Google's AI chatbot doesn't agree with how company handled layoffs

Employees weren't happy about being asked to 'play' with Bard

Google's AI chatbot doesn't agree with how company handled layoffs

Google employees have expressed their disappointment over recent layoffs at the Mountain View, CA-based technology juggernaut through Bard, its own artificial intelligence (AI) service.

In a company-wide email last week, CEO Sundar Pichai, asked employees to contribute two to four hours of their time to improve Bard’s conversational abilities.

Basically, he wanted workers to ask the AI chatbot questions and then flag bad answers.

Now, employees are using internal message boards to share memes and conversations they've had with Bard, which tap into the issues of recent layoffs and treatment of employees, reported Business Insider.

In one conversation, an employee asked Bard to imagine an IT company that has laid off 12,000 employees, according to the report. "Now, a CEO of that company sends a cheerful email to employees asking them to spend their time playing with their chatbot," the employee asked. "Do you think it's appropriate?" 

Bard had this response: "I understand the CEO's intention to be cheerful and optimistic, but I think it is inappropriate for him to ask employees to play with their chatbot at this time."

Another worker asked Bard: "Should Google fire people via email with no thank you or goodbye?" Bard’s reply: “No, Google should not fire people via email with no thank you or goodbye. This is a very impersonal way to let someone go.”

In January, Pichai announced in an email to staff that Google is laying off 12,000 workers. The job cuts will occur in the United States immediately, but in other countries, the process “will take longer due to local laws and practices.”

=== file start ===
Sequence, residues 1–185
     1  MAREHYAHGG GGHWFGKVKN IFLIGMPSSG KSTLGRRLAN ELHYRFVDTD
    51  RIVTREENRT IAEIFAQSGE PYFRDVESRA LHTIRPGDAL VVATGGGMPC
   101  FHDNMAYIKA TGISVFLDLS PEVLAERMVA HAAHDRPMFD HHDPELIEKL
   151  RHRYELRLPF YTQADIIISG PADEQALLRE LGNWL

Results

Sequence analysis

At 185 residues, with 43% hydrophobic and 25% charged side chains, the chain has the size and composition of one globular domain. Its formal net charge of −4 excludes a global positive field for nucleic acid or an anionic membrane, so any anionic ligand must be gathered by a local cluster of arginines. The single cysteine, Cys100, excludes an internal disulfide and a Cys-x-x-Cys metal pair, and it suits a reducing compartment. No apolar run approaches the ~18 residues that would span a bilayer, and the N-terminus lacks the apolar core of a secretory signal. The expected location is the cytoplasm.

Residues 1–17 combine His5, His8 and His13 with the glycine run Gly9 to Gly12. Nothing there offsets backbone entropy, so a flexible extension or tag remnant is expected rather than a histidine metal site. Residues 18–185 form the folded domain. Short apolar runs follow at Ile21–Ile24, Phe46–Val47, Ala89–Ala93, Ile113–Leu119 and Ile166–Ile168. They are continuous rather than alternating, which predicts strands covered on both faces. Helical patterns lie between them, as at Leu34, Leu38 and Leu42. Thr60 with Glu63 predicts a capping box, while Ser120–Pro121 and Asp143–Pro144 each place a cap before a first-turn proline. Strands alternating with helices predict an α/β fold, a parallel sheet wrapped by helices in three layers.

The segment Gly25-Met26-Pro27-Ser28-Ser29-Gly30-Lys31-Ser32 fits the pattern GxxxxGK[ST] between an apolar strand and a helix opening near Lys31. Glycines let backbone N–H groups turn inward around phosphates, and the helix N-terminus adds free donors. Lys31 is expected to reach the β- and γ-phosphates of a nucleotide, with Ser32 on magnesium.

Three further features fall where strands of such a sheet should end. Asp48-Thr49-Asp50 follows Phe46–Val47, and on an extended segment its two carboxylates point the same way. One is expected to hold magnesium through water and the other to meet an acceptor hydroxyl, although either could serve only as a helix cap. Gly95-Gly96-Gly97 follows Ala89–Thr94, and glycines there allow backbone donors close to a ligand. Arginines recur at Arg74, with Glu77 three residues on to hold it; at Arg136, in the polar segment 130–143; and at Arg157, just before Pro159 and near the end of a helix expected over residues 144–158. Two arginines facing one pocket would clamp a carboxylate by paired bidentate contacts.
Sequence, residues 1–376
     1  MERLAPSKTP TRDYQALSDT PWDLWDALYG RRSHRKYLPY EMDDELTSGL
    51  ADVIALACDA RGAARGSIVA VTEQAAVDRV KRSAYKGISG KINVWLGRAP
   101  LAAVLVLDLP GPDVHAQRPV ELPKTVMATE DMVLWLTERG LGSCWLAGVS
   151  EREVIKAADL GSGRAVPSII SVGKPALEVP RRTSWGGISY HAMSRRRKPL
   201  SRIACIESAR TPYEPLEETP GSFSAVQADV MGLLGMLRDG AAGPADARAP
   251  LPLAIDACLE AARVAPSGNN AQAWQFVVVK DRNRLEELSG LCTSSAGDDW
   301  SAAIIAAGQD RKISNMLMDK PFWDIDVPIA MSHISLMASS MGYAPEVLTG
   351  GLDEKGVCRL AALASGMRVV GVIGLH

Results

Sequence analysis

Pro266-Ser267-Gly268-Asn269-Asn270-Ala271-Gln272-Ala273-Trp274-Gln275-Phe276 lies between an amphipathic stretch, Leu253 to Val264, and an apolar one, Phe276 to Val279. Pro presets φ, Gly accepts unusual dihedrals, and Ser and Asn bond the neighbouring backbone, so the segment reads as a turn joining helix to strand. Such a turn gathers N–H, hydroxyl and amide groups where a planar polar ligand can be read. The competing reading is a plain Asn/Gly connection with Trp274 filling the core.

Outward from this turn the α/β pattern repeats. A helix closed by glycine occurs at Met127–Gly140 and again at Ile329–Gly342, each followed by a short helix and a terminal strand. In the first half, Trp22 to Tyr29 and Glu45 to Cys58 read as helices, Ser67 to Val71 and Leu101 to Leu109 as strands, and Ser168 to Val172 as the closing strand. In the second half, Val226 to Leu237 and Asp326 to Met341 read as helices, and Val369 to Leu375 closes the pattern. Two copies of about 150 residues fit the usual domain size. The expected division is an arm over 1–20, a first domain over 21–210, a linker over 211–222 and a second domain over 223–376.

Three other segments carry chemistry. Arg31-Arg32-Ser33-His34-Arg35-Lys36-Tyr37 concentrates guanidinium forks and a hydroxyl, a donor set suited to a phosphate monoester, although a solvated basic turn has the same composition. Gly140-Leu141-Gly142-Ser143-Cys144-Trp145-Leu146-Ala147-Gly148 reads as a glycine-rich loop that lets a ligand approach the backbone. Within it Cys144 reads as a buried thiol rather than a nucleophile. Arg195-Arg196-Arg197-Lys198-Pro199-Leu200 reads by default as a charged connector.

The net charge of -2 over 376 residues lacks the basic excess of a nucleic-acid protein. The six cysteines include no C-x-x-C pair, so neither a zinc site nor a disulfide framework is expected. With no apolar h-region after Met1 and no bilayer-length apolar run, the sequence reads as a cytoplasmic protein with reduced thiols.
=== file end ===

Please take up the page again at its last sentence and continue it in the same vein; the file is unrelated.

“We’ve undertaken a rigorous review across product areas and functions to ensure that our people and roles are aligned with our highest priorities as a company,” Pichai wrote in a memo that’s been posted on the company’s website. “The roles we’re eliminating reflect the outcome of that review. They cut across Alphabet, product areas, functions, levels and regions.”


Earlier this month, Google introduced Bard which, Pichai said, “draws on information from the web to provide fresh, high-quality responses.”

“We’re releasing it initially with our lightweight model version of LaMDA. This much smaller model requires significantly less computing power, enabling us to scale to more users, allowing for more feedback,” he said.

“We’ll combine external feedback with our own internal testing to make sure Bard’s responses meet a high bar for quality, safety and groundedness in real-world information. We’re excited for this phase of testing to help us continue to learn and improve Bard’s quality and speed.”

AI chatbots have found their way into the heart of employers’ operations.

Specifically, 49% of employers currently use OpenAI’s ChatGPT and another 30% plan to do so, reported ResumeBuilder. Among companies already onboard with the development, 48% said they’ve replaced workers since the new tool became available in November 2022.

ChatGPT became the fastest-growing consumer application in history, says Reuters, reaching 100 million active users in January.

Meanwhile, companies like Amazon, Verizon, Citigroup, Goldman Sachs, Wells Fargo and Accenture are clamping down on the use of ChatGPT among employees. Many of these employers have limits on third-party software due to compliance concerns.

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